The Importance of Infrastructure: Planning for the Future

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June 01, 2002
Cabling for the Future
Elizabeth Lauer Ivey -

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© 2002 Hospitality Upgrade. No reproduction without written permission.

What allows a hotel to stand the test of time? You know the type; the grand dames of hospitality, world-renowned, ever-dynamic, always beautiful and usually higher rated (as in ADR) hotel properties. They sprinkle themselves with diamonds and stars and make you remember a night there forever. As a strategist I wonder: What entitles some hotels to prosper for dozens of decades, while competitors fade away in increments of 30 years?

In most cases, it began with a vision, a capable team of supporters, good advice and of course, some cash. This was followed by an on-going commitment to adapt and evolve with the modern world, but to always uphold the ideals that made it a great place to visit in the beginning. Whether it was located on the U.S. railroad at the turn of the last century or an exotic locale during the Golden Age of world travel, this combination of strategies (along with a little more cash) allowed the hotel to grow up for all of us to enjoy.

As technology becomes more integral to the hotel business environment, operators view it as critical to their ability to deliver and receive services. That service may be a guest amenity or a data transfer from an offsite service provider; however, the ability to take advantage of innovation, either now or someday in the near future, is dependent upon infrastructure. This term is used loosely in tech buzz, but for this article it refers to a structured cabling system supporting all networks deployed within the building.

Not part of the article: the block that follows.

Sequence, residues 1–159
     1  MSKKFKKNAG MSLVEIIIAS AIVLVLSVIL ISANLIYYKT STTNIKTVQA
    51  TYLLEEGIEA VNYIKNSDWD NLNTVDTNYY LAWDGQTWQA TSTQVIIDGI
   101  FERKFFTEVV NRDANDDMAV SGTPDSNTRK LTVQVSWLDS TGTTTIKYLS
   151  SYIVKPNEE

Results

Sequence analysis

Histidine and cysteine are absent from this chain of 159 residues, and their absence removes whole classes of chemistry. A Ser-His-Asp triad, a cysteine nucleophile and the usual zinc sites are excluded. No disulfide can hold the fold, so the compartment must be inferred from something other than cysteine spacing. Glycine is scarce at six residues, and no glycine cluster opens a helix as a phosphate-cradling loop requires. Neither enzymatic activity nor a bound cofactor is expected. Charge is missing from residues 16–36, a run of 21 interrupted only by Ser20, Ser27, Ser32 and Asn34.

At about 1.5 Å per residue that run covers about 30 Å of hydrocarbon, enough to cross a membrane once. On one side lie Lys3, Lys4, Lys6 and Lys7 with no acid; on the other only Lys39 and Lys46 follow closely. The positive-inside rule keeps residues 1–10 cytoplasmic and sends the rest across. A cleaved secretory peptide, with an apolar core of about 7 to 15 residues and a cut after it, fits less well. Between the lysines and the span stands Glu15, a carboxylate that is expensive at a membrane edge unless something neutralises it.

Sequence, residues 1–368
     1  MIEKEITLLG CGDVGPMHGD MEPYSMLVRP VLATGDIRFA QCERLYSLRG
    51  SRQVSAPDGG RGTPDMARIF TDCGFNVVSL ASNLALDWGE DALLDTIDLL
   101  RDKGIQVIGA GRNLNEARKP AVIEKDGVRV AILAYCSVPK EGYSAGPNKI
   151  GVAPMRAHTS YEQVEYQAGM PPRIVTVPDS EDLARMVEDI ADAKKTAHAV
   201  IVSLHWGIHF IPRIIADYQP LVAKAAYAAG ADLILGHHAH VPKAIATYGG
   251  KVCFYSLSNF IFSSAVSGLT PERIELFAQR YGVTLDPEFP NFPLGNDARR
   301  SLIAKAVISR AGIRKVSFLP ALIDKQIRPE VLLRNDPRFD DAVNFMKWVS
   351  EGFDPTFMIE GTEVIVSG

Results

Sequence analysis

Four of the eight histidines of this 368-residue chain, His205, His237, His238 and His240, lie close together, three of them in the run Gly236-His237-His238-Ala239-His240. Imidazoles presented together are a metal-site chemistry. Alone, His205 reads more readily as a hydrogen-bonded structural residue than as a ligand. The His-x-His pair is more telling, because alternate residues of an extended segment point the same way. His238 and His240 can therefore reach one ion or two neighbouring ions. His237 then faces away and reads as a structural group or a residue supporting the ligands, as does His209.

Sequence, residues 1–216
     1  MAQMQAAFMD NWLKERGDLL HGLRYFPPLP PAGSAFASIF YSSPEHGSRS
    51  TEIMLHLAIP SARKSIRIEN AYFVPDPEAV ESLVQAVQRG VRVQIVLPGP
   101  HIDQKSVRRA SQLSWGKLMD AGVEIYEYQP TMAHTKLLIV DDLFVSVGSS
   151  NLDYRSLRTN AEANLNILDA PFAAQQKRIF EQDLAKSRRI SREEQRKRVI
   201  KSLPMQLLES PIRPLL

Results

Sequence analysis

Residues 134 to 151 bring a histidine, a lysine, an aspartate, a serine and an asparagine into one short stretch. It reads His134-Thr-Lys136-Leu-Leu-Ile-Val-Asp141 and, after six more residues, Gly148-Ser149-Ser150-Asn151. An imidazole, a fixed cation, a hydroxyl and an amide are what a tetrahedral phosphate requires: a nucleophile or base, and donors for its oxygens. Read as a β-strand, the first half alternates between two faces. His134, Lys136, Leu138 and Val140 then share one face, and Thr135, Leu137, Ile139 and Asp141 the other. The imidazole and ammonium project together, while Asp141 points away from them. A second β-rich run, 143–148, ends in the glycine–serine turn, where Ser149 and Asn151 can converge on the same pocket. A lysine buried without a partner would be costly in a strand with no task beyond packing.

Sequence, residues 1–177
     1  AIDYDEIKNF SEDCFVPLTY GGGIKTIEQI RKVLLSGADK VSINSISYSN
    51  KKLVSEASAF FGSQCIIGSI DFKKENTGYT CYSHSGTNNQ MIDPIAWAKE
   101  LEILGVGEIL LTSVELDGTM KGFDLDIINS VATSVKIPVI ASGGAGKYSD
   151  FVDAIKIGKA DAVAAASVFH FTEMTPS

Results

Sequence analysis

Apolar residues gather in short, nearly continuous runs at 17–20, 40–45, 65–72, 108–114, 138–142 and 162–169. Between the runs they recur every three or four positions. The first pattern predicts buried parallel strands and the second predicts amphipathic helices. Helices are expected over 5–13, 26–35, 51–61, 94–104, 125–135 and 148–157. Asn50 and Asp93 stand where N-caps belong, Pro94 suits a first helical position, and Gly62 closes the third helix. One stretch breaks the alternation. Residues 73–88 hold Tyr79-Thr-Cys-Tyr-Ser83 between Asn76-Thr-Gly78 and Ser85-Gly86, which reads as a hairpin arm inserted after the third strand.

Many real estate developers do not understand the importance of telecommunications building standards, such as those published by ANSI and TISA. Worse, these practices are often dismissed in order to save money on development costs. The practice of “daisy chaining” voice and data connections is something akin to skimping on your IRA contribution. It will catch up with you in the future. Most reputable contractors will no longer loop data connections and it is important for the owner to understand the risk of warrantee cancellation by the cable manufacturer—devastating when you have to knock down walls or send IT guys into airshafts to troubleshoot the network.

The practice of “daisy chaining” on your voice
and data connections is something akin
to skimping on your IRA contribution.
It will catch up with you in the future.